Curator's Note: The following pages appear to have been photocopied and placed carefully into Dr. William's journal undated. We do, however, speculate they best fit with the Autumn of 1965. The pages are from Dr. Jackson Lake's aforementioned book relating to astrophysics, mathematical theory, physics and The Doctor.

*Photocopying was done by a machine that produced paper copies of documents and visual images quickly and cheaply. Though having a personal version of this technology was wholly incongruous to 1965, we speculate that some of the equipment brought by their daughter, Melody Pond would have had this function.

Supplemental: Archival Records

Marker: Journal Entries From The Diary of Dr. Rory Williams

Frequency: Intermittent
Entries provided courtesy of Mr. Anthony Brian Williams

A Mote Of Dust

Chapter 19

The Beautiful or the Good

Mathematics elevated takes on a mystical property. Probability, theory, infinity. Theses on the truth and lies to be found beyond the bounds of our solar system. Facts and fallacies of laws we know to be unassailable today which will be broken 10 years from now, 20, 30. There is a hope to be found in mathematics, a hope that says "I do not know. But I hope to know one day."

I find an incalculable beauty in theories, a largess found in no other place but perhaps the silent contemplation of the Divine. There is a beneficence in mathematics, especially in passing it on to the youth that is unmatched because it bestows upon them both a future and a past. Giants standing on shoulders of giants until we all one day walk astride into the beyond. Mathematics is the words of Psalms reimagined. "Lead me to the rock that is higher than I."

Mencken has said...will say that higher maths are two intertwined with metaphysics and theology. What of it? Why shall they not all walk the same resplendent ground? Why must the line between the scientific and the theological be so broad a stroke? I have seen pure science, pure logic, pure creation...and though I could explain it in binary, in x's and zeroes and calculations and computations it would be better said with poetry.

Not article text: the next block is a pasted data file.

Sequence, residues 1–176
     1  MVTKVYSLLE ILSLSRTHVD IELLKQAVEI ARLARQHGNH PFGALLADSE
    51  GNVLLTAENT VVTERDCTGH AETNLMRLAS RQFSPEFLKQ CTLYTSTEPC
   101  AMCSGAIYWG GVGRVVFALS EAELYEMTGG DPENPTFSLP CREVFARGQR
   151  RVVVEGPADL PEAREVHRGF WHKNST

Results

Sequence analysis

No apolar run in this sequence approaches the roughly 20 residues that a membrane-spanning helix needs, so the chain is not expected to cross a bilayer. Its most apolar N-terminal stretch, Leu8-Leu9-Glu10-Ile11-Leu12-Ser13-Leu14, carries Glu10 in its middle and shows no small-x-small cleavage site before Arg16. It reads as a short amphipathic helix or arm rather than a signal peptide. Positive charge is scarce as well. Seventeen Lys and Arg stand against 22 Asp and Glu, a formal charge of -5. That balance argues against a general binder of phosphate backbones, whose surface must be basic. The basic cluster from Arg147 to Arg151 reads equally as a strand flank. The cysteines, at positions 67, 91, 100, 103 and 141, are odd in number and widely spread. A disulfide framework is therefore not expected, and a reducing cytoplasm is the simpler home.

Aristotle himself said "Those who assert that the mathematical sciences say nothing of the beautiful or the good are in error. For these sciences say and prove a great deal about them; if they do not expressly mention them, but prove attributes which are their results or definitions, it is not true that they tell us nothing about them. The chief forms of beauty are order and symmetry and definiteness, which the mathematical sciences demonstrate in a special degree."

I have "seen" a planet orbiting a black hole. I have "seen" a planet that absorbs so much light it is nearly dark as pitch. I have "seen" a planet that is 13 billion years old, three times older than our own. I have "seen" the beginning and the end of our Earth. I have "seen" peoples and creatures that have adapted to all manner of living and survival. I have "seen" those with knowledge that would astound the greatest minds of today. I have "seen" people, those who, for a sliver of time I thought were my people, who could bend and rule time, as Ladies and Lords.

I have tried to teach this to my son but I believe he would find himself to be a more willing pupil of the likes of Mencken than myself. He finds me too fanciful. No, that is perhaps being kind. A great deal of the time when I say what I've written just above, he thinks that I am ranting like a madman. He's a man now, with children of his own and has retained no memory of the events of that Christmas of 1851. He doesn't remember his mother, my dearest Caroline. For him, Rosita filled that space in his memory and his heart. He already thought of her as his mum before I took her for my wife. To Frederick all that happened...well, it's just stories. Dear Rosita chided me early on to keep them that way. "There's no good can come of you filling his head with nightmares and wonders." she'd say. She was more than likely right. But they aren't flights of fancy, they aren't stories or make-believe or the ramblings of a daft old man. They are truth. For a very brief time my life and the Doctors life were intertwined and for an even briefer time they were one. What he saw, I have seen.

Though it made my head ache as my hands hovered above the levers and bobbles in his TARDIS I knew I could fly her. I knew the knowledge would flow from my fingertips as I launched her into the vortex.

When I told Frederic I was writing this book he was pleased and quite encouraging. When I told him I was including my knowledge of the Doctor he became sullen. "Why? Why, Father would you pollute it with nonsense. You have an amazing mind but rather than put it on display you'd prefer to deal in children's bedtime stories."

It has caused a surprisingly deep rift between us. He is trying to make a name for himself and I understand his reluctance to share Lake with me. Perhaps we are both too stubborn for our own good.

"I do not know. But I hope to know one day."